Easy Crock-Pot Applesauce

I almost managed to let fall go by without posting an apple recipe. I just couldn't let that happen so I made a run to the local apple orchard in the next town over and bought a ton of apples (by a ton I mean 16lbs.) I'm absolutely fortunate to live by not one, not two, but three apple orchards so this time of year good quality apples are in abundance in my household. In the past I may have told you that I'm not really a huge fan of apples, but that just isn't the case any longer. This year I found my perfect sauce apple, called Snow Sweet. It was developed by the University of Minnesota for cold weather climates and is a cross between Sharon and Connell Red varieties.

There are so many aspects of this particular apple that make it perfect for sauce, but it's great for fruit trays as well because it is slow to oxidize and turn brown. 


Easy Crock-Pot Applesauce
makes roughly 8 half pints or 4 pints


10-12 medium sized apples
1 Vanilla Bean, split lengthwise
2 Tablespoons lemon juice


cinnamon or other spices
sugar, either brown or white


Apple peeler/corer/slicer
potato masher or food processor
water-bath canner or stock pot with lifter
8 - 10 half pint canning jars with lids and rings
jar grabber
magnetic lid lifter
butter knife
clean dish towels and cloths 


  • Wash and peel apples, place in crock-pot, then cover with lemon juice to prevent browning.

Thinner apples will cook much faster. This is where an apple peeler/corer/slicer comes in handy, it will also cut your time peeling apples in half. Beg or borrow one if you can, you won't regret it.

  • Open vanilla bean pod with a knife and scrape the insides into the applesauce. Once insides are removed, toss the entire pod in with the apples.
  • OPTIONAL: Add sugar to taste. Personally I prefer not to use sugar and instead use a sweeter variety of apple.
  • Cook on high for 3 - 4 hours, or until apples mash easily. You can also puree the applesauce in a food processor if you'd like a finer sauce, but I prefer mine chunky.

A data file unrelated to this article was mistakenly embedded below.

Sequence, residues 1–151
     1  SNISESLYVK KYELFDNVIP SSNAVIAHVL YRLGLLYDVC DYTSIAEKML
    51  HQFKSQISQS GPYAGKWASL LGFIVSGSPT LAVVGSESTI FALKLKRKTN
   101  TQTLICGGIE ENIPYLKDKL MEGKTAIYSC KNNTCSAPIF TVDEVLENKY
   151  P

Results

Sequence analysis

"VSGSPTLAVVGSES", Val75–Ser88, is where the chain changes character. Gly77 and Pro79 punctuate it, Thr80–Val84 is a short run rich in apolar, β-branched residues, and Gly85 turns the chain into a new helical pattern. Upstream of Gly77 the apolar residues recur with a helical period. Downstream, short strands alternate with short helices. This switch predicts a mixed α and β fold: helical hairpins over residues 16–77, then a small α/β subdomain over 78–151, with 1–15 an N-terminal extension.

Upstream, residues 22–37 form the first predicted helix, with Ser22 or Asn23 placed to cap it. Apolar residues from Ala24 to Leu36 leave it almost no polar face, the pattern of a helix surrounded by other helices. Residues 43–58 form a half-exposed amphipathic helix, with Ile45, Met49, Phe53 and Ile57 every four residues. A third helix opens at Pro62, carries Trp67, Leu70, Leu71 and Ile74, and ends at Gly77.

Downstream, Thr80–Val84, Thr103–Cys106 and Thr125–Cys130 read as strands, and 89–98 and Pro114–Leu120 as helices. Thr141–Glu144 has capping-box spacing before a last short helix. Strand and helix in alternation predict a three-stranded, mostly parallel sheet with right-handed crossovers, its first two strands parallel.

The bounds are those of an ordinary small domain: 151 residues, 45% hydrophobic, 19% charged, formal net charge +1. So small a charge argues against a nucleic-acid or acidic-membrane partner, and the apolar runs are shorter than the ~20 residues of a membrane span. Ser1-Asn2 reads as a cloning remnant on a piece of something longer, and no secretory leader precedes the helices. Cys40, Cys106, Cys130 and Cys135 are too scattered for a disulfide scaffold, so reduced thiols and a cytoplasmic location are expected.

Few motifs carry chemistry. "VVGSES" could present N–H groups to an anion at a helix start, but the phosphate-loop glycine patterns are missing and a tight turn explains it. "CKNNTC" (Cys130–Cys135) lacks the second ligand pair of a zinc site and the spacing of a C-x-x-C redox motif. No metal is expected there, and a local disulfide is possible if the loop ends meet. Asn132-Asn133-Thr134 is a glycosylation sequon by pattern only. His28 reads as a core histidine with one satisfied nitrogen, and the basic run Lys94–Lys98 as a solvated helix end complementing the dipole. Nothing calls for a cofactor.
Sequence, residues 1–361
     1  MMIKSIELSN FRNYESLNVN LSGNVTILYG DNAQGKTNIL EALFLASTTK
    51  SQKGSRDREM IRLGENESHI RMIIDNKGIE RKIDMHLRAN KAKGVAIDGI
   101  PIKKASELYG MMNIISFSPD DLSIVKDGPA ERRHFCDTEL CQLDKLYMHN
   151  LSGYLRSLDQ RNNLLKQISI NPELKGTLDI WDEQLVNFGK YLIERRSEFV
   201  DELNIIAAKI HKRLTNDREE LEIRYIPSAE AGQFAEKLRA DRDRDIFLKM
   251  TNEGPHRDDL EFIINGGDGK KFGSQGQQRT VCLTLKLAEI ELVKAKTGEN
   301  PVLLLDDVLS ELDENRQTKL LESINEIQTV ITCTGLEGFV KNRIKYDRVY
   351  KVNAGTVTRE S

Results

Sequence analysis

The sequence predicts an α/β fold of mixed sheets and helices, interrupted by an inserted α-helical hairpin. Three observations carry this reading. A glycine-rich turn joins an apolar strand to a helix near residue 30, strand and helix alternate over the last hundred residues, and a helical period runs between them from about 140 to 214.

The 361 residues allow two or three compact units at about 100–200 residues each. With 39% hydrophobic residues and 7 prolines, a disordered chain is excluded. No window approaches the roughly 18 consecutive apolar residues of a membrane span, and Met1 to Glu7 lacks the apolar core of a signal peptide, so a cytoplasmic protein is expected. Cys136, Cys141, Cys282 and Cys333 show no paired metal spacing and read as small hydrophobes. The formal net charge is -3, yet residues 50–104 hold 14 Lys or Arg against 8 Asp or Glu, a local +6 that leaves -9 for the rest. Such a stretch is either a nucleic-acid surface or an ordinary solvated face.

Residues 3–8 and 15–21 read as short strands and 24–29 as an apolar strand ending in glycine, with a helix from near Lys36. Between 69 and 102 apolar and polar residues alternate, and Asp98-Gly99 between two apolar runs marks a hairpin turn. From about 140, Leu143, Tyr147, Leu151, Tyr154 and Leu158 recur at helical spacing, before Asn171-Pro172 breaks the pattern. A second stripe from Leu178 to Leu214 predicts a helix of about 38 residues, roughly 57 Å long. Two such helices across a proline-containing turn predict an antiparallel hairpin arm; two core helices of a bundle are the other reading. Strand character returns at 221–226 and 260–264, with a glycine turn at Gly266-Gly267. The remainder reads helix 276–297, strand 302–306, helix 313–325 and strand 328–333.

• While waiting for applesauce to cook, sterilize your canning jars, rings, potato masher, and any other equipment that will come into contact with the applesauce. You can do this easily by putting everything in the dishwasher and running it. Just don't put your equipment in with dirty dishes.
  • While your jars are sterilizing fill your stock pot with water and let it boil. It takes awhile for a large pot of water to boil, so keep this in mind. You don't want to fill your jars before your water is ready.
  • Once you're ready to fill your jars, place a sauce pan on the stove. Add your canning lids and fill pan with several inches of water. Bring the water to a simmer and allow the sealing wax on the lids to soften for several minutes.
  • Fill sterilized jars with hot applesauce leaving 1/2 inch head space at the top. Remove air bubbles with a knife, wipe the rims with a clean damp rag, place lids on top and fasten ring until fingertip tight.

Boiling Water Canning

  • Place sealed jars in on a rack in the canner or stock pot and cover with a lid.

You do not want the jars coming into contact with the bottom of the canner or stock pot because they will bounce around and likely break.

  • Process half pints and pints for 15 minutes, quarts for 20 minutes, adjusting for altitude. Time starts once the water has come to a complete boil again. You may need to add boiling water to keep the water level up as the jars are processing.
  • Remove jars from canner, set on a clean dish towel and let them rest for several hours until cool. You should hear a popping sound as the lids seal. 
  • To check the seals of your jars press the center gently with your finger. If it moves up and down the jar is not sealed. You can either reprocess using a new lid (never reuse an old lid) or once the jar is cool, eat the applesauce. You know you want to and you deserve the treat after such hard work!
  • Label with detailed contents and date, then store in a cool, dark, and dry place.

Other Notes

Make sure to experiment with the flavors different types of apples will produce. I used an even mix of Snow Sweet and Macoun apples for this batch. You likely won't be able to find these particular types unless you live in Minnesota where they were developed, although I know of several orchards in Wisconsin who grow them now.

My local orchard suggested starting will Cortland apples as a base and picking a slightly tart apple to offset some of the sweetness.